The massive pile of cardboard in the middle of our carpet. You might not believe it but there was not a single piece left at the end!
Shameala created htis house. She added so many fine little details to it.
Hearing the story that went a long with Timothy’s robot was pretty cool. I’ll have to share his journal entry later
Do you think my apple love is having an influence on my students? Adam made an apple Mac Book!
Such amazing focus
My Grade 3 students are pretty amazing. They are your typical bunch of 23 7-8 year olds. Their ability ranges are diverse, they like Bey Blades, Monster High Dolls, iPods and Angry Birds. When I mention the word “partner” they stop listening and instantly arrange on the carpet who they are going to work with which means they stop listening to the instructions. This is what exactly went down on Thursday during my music lesson. We’ve been studying rhythm and I was modelling how to use the rhythm and Lummi sticks to create their own rhythms and I mentioned they would be doing this with a partner. That’s when then shifty eyes broke out and the points and whispers started. I had to break out the “girls and boys maybe I’m picking your partners” in order to continue the instructions. In the end I DID let them choose their partner and the only instruction was to not leave anyone out. This is where the amazing comes in. They didn’t choose partners that I predicted they would. They didn’t choose their closest friends or best bud since Kindergarten. They made sure that nobody was left behind. It made me realize that math and language aside that they’ve been learning to be kind, caring citizens and that amazes me!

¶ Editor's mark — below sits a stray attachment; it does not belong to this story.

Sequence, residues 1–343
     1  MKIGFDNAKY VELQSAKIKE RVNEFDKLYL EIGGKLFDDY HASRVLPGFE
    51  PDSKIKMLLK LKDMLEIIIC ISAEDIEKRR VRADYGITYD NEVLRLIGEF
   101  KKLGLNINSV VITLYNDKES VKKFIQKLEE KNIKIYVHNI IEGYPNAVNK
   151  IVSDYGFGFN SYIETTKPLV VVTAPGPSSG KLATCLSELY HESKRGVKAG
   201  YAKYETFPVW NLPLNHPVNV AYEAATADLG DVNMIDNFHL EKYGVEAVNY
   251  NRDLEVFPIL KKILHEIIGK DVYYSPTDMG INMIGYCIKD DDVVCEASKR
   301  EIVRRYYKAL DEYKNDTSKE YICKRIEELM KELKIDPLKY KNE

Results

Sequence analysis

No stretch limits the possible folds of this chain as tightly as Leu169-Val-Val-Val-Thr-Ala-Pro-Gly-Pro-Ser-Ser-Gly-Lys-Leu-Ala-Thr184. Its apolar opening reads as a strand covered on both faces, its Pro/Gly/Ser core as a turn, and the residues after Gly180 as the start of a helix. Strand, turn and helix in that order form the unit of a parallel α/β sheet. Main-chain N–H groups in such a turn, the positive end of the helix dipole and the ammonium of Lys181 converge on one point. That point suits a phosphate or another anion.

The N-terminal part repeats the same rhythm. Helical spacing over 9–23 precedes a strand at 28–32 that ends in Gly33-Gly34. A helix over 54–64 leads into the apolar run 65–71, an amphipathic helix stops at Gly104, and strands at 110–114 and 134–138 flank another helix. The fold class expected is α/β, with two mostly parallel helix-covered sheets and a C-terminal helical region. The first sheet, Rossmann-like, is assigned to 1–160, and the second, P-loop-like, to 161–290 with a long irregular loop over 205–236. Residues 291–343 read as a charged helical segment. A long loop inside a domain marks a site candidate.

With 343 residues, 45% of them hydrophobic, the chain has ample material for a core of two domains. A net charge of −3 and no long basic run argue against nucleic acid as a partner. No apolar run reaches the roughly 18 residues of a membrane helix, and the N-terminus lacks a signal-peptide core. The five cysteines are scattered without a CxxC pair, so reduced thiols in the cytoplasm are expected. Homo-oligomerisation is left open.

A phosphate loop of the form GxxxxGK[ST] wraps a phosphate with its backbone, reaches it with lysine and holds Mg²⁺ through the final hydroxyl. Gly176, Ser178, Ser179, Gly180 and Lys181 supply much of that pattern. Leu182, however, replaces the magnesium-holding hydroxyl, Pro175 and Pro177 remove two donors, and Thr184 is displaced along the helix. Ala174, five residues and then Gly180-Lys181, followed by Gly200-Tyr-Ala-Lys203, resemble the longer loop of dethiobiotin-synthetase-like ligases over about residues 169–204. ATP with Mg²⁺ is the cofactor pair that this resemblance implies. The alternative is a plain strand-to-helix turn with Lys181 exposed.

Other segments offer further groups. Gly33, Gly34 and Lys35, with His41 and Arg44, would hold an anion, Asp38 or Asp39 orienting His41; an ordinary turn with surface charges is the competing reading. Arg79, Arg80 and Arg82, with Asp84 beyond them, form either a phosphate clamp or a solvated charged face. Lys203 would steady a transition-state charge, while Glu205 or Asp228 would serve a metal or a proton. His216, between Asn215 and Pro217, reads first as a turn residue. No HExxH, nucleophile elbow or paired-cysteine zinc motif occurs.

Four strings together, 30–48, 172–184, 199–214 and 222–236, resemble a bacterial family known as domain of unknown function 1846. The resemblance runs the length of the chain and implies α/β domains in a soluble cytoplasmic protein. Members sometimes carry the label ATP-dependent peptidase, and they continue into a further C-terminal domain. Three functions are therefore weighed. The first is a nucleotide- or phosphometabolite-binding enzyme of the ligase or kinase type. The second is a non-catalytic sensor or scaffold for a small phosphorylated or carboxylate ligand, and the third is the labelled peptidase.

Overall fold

The other amazing thing about that day was their rhythms. WOW give a kid a set of sticks, a pencil and a paper and tell them to create and the things they can come up with! I took a video and posted to my youtube channel so parents if you would like to view it send me a message and I will send you the link.
I am just so proud of these kids!
- What can I expect in my piano lessons? (joythiessenpianostudio.wordpress.com)
Let the fun begin!
I’m teaching grade 3 next year. A straight 3 as far as I know. Things could change once we reorganize in September but for now it’s grade 3. Last year I had a 2/3 but I didn’t start it until February when I returned back to work from maternity leave with my youngest, William. The group I had of 2/3’s were amazing. It says a lot about the teacher who was covering my leave actually. But on their own they were just really caring, kind and enthusiastic. I have many of the 2’s again in my 3 and I’m looking forward to spending the year with them once more.
I taught grade 3 a few years ago and I have to admit it was not my best year. For whatever reason the kids and I did not gel and they did not gel with one another. We lacked cohesion. Don’t get me wrong individually we were all fine but together we just did not fit. That experience unfortunately has left a negative grade 3 impression in my mind so I’m looking forward for this year to change that.
I’m currently working on my long range plans for this year while William sleeps and Keelyn watches Stella and Sam. Luckily my long range plans from before were developed by a great team of grade 3 teachers (there was 6 of us) so I have a good base now I can just infuse the 21st Century skills into it!